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Sonic the Hedgehog 4 Episode 2 (XBLA, PSN, Wii, PC) Review
Posted by Trace Aber on 05.30.2012

Game: Sonic the Hedgehog 4 Episode 2
Genre: Platformer
Players: 1-2
Developer: Sonic Team
Publisher: Sega
Rated E for Everyone

Sonic the Hedgehog used to be one of the biggest names in the gaming industry, his only true rival being that of Mario. This was, of course, during the 90s, and since then things have changed dramatically. Sonic has become something of a running joke amongst gamers, to the point where they have even created their own “cycle” of Sonic game releases, starting with much excitement and hope and ending with disappointment.

In 2010 Sega hoped to create a game that took Sonic back to his roots by crafting a 2D, side-scrolling adventure that got rid of all of the annoying sidekicks and gimmicks. Even though I enjoyed the game, it was not without its flaws, namely that of its physics system. Sonic didn’t seem to control how you would expect, and for some this was enough to ruin the game.

It’s now 2012, and Sega has released the second episode to Sonic the Hedgehog 4. Many people hoped that the extended time spent on the episode would result in a better game, perhaps the “perfect” Sonic experience since the original trilogy. Episode 2 is overall better than Episode 1, but I think those looking for the “perfect” experience are going to be let down.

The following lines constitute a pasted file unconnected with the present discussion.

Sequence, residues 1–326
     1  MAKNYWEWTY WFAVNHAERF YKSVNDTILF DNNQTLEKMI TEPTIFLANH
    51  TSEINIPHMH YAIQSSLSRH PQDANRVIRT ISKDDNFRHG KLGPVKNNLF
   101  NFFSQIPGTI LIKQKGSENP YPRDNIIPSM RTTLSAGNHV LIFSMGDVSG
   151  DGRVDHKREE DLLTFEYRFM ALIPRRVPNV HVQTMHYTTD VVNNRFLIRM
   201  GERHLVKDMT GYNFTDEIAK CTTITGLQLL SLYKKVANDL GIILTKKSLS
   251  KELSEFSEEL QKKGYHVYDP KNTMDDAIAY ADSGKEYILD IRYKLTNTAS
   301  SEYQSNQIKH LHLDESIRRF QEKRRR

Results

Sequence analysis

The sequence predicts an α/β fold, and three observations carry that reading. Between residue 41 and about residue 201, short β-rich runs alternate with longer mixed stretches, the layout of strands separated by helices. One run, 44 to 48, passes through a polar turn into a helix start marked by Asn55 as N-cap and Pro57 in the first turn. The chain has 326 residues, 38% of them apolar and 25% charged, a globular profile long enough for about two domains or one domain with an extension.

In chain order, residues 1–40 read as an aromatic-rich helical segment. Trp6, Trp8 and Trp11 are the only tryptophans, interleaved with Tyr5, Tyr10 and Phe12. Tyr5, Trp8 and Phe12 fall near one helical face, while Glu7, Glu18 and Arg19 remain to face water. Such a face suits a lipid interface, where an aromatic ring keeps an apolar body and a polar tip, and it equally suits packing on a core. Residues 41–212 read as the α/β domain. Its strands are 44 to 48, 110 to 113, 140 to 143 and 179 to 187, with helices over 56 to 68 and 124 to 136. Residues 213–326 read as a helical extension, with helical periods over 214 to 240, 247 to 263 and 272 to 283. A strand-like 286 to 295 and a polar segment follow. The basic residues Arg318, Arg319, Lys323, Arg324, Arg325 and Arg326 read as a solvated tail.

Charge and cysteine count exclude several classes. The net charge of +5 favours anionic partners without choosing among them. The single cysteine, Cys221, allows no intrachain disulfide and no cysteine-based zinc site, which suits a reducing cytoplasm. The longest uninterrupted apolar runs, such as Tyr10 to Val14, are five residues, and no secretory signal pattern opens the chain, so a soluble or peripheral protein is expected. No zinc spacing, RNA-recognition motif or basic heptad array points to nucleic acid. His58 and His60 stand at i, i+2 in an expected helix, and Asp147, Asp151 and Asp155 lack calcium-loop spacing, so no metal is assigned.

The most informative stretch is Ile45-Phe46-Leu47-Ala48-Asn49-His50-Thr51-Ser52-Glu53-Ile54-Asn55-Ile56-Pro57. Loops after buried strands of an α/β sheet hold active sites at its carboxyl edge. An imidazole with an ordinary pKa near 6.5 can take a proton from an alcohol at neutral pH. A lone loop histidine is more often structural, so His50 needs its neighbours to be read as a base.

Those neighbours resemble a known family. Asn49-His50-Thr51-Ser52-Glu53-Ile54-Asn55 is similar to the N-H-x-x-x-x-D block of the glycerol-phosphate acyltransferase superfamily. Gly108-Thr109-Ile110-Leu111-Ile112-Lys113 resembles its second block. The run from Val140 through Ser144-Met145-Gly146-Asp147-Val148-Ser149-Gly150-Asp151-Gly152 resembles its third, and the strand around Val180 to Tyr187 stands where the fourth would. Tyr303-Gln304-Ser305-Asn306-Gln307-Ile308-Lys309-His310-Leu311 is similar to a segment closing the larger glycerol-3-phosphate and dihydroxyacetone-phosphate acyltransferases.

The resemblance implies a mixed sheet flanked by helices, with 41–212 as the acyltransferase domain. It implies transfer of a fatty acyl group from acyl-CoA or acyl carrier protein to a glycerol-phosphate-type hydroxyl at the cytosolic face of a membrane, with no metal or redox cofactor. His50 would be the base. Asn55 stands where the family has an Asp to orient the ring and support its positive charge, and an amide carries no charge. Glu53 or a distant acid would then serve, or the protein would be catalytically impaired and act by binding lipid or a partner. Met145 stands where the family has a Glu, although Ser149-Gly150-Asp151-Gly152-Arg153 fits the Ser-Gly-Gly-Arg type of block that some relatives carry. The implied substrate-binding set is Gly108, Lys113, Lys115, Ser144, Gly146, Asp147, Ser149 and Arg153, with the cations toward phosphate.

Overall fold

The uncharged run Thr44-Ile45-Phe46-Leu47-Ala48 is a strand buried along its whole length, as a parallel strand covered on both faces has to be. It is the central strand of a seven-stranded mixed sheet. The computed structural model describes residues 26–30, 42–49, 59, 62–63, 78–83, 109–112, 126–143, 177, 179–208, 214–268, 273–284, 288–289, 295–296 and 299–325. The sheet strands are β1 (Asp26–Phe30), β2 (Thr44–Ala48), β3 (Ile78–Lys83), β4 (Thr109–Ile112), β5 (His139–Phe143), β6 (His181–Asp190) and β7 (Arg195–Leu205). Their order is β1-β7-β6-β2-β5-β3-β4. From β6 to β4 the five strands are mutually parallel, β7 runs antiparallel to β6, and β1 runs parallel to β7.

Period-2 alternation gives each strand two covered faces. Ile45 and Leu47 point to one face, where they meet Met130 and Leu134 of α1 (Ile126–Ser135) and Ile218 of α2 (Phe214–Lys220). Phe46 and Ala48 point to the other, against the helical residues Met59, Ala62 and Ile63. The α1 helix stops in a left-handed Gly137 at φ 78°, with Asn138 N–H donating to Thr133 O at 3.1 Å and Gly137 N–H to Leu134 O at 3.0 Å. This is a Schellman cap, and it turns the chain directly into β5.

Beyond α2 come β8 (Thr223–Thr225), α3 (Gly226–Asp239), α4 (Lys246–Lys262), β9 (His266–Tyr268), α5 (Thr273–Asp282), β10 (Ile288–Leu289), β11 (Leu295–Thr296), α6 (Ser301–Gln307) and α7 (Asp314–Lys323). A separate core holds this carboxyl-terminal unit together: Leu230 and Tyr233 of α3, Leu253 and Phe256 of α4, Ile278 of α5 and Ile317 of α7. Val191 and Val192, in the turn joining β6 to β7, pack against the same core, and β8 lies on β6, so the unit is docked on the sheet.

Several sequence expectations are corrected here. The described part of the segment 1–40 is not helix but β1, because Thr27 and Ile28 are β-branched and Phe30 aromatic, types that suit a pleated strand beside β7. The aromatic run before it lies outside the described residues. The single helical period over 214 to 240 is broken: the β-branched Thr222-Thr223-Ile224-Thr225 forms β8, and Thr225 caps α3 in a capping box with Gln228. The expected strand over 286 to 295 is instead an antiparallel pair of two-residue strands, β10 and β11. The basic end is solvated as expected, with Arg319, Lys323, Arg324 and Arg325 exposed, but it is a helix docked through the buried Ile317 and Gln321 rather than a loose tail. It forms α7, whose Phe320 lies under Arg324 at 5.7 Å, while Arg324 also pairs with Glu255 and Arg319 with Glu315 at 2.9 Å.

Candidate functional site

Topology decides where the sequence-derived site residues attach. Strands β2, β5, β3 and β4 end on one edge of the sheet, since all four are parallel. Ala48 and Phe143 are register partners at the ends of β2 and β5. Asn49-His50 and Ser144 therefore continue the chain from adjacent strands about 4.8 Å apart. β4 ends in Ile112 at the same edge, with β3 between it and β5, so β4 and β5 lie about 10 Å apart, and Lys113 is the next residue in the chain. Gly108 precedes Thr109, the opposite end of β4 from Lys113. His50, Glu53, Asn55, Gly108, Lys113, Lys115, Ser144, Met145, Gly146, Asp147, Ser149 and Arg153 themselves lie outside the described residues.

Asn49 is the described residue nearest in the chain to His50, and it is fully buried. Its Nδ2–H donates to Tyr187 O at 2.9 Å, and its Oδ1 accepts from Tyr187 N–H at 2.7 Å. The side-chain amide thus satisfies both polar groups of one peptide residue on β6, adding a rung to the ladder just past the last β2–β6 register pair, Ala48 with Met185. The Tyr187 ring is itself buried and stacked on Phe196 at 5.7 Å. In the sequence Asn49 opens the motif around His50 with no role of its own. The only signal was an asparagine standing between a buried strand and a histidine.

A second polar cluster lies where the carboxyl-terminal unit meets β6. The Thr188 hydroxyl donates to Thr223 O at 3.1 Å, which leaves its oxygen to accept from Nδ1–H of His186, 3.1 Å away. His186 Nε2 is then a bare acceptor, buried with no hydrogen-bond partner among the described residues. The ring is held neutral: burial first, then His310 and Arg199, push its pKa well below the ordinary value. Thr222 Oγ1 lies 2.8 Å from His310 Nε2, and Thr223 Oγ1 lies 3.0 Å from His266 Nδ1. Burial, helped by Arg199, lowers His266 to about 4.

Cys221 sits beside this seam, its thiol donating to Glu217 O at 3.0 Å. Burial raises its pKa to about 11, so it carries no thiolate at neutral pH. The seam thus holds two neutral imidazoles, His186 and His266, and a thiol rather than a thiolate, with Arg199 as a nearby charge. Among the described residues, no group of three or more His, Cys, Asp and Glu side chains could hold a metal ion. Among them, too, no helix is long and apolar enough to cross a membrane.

Episode 2 picks up a couple months after the first, and this time features Tails. Out of all of Sonic’s “sidekicks,” Tails is among the most liked, and it’s reasonable to include him in this title as he was introduced in the second part of the original trilogy. Unfortunately, outside of some forced level design, Tails doesn’t seem to fit too well into the game. The levels include jumps and leaps that Sonic himself couldn’t hope to make, so Tails will help fly him across the gap.

While most are familiar with Tails copter ability, the game introduces two new moves as well. The first one allows you to swim through the water faster thanks to the tails of, uh, Tails. It works much like the copter, and helps avoid some of those dreadful water portions (I hate water levels in platformers on a personal level).

The third combo allows Sonic and Tails to team up to form one super spinning ball of pain, which allows for the duo to slam through otherwise impassable barricades. It’s a pretty cool looking visual, and there’s something insanely fun about smashing through things with the power of friendship.

The physics problems of the first episode have largely been fixed now. Sonic now feels like he’s running as fast as he should, and the game plays better for it. And while that’s nice, it seems like the game’s level design at times has taken a step back.

Some of the levels just feel…flat to me. There’s very little variation in the paths one can take throughout a particular level, which was one of the many reasons why I loved the franchise as a kid. There aren’t any tricky puzzles to figure out, there are no loops that take me through a different section of the level and there aren’t boosters to make me go even faster. It might seem like nitpicking, but it’s one of the things that made Sonic games great.